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Seattle Mariners opt for a Smooth return, re-acquiring 1B Carlos Santana from Kansas City Royals

Jerry Dipoto breaks the seal on trade season.

Kansas City Royals v Seattle Mariners Photo by Steph Chambers/Getty Images

The Seattle Mariners announced this morning they have traded for veteran 1B Carlos Santana and cash from the Kansas City Royals in exchange for RHP reliever Wyatt Mills and RHP William Fleming.

This move gives Seattle another experienced bat to hopefully stabilize their gutted lineup, which has suffered the loss of Mitch Haniger, Kyle Lewis, Tom Murphy, and Ty France, and now may face at least brief suspensions to Jesse Winker, Julio Rodríguez, and others to finish the job the Anaheim Angels attempted to start with their temper tantrum. It also potentially bodes ill for how the club views the timeline for the return of France and 1B Evan White.

Santana was a genuine star in the mid-to-late 2010s, the heart of a Cleveland lineup that made it to extra innings of Game 7 of the World Series in 2016 and was a consistent playoff contender. His efforts earned him a three-year, $60 million deal with the Philadelphia Phillies ahead of the 2018 season, but he was dealt back to Cleveland just one year later. Or rather, he was dealt to Seattle first, and for 10 days spent his time perhaps preparing for the first truly non-competitive season of his career, before being shuffled back a week and change later. Oh how funny fate can be.

He earned his lone All-Star nod in 2019, a rightful plaudit for his best season as a pro, but he has struggled in subsequent seasons, including both years of his two-year deal with the Royals that he inked ahead of the 2021 campaign. After hitting .214/.319/.342 for an 83 wRC+ last year in a seeming total power outage, it looked like more of the same this year with Santana getting off to an atrocious start that Seattle was privy to part of in their early season trouncing of KC.

However, Santana’s June has been a full reversal, as he’s been the 6th-best hitter in baseball (minimum 60 PAs) this month by wRC+ (198), just ahead yesterday’s brawl inciter Mike Trout. That’s pushed Santana’s numbers over yonder to a generally positive place, by which I mean the Yonder Alonso zone of unexciting competency. That means a .216/.349/.341 line and a 104 wRC+ that won’t be setting anyone’s eyebrows or undergarments alight, but is a better bet than Kevin Padlo or Drew Ellis to keep the lineup from a trip to getting perfecto’d. Santana’s bread and butter has always been his ability to get on base, as he’s walked (17%) far more than he’s struck out (13.2%) this year and in several previous seasons. It’s no mean feat for a slugger, though Santana has not quite slugged this season despite upper echelon average exit velocity, above-average hard hit rate, exceptional pitch selection, and an xwOBA above the 80th percentile. He’s a pull-heavy switch-hitter, yes, but he’s still been a bit unlucky.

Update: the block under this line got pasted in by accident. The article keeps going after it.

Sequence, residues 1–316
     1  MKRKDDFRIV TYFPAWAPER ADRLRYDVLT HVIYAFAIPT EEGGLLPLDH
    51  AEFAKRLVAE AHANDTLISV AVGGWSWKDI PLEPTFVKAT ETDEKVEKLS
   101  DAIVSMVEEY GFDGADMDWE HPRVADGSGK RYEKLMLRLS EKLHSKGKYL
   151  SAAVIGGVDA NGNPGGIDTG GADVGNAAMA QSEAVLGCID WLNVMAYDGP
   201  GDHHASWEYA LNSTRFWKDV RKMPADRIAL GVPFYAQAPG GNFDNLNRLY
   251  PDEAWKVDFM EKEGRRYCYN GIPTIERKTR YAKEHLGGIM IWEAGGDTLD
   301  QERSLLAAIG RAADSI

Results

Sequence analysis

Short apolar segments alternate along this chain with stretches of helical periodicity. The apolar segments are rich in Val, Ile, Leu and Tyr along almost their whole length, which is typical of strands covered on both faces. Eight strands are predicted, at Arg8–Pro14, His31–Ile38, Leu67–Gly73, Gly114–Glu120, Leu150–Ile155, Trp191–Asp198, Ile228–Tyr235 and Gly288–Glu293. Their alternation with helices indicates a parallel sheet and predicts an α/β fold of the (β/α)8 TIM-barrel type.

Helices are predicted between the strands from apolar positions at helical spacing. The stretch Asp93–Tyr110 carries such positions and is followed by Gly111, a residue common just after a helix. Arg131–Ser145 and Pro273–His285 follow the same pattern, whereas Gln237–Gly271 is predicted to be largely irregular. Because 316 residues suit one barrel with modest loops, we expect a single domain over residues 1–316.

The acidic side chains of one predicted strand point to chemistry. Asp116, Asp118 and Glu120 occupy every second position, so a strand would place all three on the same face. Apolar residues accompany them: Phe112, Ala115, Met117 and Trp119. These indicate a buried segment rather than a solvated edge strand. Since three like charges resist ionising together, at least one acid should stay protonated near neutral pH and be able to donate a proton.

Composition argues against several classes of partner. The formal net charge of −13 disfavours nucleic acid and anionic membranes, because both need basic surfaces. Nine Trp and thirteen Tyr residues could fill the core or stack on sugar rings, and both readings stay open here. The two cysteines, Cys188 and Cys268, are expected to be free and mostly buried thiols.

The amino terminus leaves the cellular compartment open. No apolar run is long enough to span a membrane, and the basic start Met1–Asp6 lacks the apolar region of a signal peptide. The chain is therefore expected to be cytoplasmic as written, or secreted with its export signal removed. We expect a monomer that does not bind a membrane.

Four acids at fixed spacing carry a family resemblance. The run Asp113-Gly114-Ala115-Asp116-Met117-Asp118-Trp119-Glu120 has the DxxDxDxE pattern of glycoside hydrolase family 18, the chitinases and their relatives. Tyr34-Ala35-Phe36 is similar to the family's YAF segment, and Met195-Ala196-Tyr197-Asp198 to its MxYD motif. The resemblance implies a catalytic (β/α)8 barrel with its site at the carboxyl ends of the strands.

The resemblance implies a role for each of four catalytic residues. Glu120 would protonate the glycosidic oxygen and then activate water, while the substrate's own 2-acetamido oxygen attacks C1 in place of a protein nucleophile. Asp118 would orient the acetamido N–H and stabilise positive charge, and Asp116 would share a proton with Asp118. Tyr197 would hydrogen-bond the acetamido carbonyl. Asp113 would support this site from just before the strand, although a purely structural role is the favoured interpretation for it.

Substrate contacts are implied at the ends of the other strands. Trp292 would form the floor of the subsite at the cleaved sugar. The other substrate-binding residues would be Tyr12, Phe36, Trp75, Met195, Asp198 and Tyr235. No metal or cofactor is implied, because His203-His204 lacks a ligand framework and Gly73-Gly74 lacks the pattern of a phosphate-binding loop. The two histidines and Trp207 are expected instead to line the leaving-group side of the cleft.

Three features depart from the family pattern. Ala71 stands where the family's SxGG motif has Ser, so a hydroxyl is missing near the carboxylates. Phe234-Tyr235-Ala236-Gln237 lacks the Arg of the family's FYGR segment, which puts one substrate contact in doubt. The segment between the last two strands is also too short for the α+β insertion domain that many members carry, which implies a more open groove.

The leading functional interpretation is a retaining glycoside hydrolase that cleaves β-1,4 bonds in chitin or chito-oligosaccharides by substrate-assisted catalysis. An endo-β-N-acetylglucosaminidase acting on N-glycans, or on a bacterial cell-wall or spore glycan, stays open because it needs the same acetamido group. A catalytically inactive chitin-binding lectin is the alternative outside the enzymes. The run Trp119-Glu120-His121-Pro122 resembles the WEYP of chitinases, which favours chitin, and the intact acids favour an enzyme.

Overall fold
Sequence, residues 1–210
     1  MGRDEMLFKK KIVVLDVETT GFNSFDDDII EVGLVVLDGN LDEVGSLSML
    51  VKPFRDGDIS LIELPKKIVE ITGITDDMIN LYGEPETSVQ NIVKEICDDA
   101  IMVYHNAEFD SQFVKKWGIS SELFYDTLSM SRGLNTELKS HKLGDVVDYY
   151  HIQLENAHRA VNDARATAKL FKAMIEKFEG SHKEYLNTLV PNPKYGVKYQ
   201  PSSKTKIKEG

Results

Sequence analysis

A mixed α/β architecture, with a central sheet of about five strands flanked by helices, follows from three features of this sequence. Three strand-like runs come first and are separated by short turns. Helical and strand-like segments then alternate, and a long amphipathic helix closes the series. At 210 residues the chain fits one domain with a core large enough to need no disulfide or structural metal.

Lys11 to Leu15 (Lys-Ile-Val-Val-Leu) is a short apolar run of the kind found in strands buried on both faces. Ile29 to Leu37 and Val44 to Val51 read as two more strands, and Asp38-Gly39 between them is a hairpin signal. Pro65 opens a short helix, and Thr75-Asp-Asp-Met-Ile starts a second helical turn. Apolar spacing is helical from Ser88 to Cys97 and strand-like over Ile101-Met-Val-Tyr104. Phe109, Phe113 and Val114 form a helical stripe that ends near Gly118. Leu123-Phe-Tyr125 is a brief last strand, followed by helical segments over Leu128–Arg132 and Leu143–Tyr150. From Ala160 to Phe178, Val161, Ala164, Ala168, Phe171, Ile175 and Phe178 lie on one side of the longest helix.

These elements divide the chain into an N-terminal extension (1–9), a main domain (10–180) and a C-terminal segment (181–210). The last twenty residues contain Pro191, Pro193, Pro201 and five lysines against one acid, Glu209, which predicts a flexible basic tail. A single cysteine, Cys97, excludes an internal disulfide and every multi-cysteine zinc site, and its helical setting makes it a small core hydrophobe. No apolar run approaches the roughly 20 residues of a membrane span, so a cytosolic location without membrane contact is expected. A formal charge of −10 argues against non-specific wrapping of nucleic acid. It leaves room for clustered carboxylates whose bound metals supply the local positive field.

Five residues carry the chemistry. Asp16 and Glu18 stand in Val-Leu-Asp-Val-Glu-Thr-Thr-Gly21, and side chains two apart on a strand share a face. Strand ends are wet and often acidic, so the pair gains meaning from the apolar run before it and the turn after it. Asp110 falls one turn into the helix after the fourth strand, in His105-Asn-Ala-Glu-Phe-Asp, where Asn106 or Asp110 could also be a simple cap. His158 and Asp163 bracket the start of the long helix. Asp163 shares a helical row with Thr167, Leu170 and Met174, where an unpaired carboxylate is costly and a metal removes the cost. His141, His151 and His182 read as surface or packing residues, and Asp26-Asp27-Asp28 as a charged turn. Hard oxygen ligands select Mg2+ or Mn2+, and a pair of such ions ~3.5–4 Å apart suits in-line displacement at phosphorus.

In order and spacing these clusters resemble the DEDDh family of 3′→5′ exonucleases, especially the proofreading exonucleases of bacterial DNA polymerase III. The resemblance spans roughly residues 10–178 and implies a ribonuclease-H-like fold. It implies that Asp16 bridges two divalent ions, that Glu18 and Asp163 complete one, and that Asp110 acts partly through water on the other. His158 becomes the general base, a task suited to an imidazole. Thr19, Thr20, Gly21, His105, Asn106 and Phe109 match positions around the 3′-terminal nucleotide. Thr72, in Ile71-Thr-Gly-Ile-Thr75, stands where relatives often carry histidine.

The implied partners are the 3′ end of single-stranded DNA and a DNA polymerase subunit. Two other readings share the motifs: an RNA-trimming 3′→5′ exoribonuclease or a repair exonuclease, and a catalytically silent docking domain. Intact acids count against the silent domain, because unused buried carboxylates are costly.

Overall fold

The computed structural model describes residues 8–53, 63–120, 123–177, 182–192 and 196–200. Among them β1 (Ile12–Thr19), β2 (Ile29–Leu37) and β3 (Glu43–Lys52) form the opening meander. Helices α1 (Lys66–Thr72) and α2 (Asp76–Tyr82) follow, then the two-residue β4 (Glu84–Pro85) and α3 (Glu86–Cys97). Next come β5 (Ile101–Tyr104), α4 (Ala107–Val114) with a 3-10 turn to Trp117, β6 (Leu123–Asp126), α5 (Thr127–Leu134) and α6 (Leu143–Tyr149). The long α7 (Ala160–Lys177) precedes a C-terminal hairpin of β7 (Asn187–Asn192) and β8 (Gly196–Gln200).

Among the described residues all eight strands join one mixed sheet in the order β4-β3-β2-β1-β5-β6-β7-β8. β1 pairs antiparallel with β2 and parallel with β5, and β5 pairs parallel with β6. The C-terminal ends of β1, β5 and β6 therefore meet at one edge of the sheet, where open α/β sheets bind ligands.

In exchange, Seattle sends away a pair of young arms, one on the 40-man roster, one a ways from it. Mills was a local kid, a Gonzaga reliever through and through with funk from the right side that has not managed to translate thus far at the big league level. In theory there’s a role for him as a groundball specialist, but his command has suffered significantly as of late, and it’s unsurprising to see the 27-year-old iced out of Seattle’s future plans.

Fleming by contrast is a later round pick of a prospect but one with a bit more upward promise, and, well, upward height. The 6’6 Wake Forest product has mid-90s sinking heat that pushes upper-90s with relative consistency. To watch him throw a few pitches you might think you’re seeing a top-tier arm. Unfortunately, in games things continue to not quite play out that way. Fleming’s fastball gets caught squared up more often than the radar gun would suggest due to its sinking movement instead of carry, and while he’s working to refine his breaking balls, he has yet to polish any of them into consistent weapons, which is why he’s pushing a 5.00 ERA in Low-A Modesto as a 23-year-old. Conversely, however, 6’6 pitchers who sit 93-95 as starters are rare, so Fleming could easily still unlock another gear with the right grip or refinement to his repertoire. He projects as a reliever presently, and like Mills we wish him the best of luck.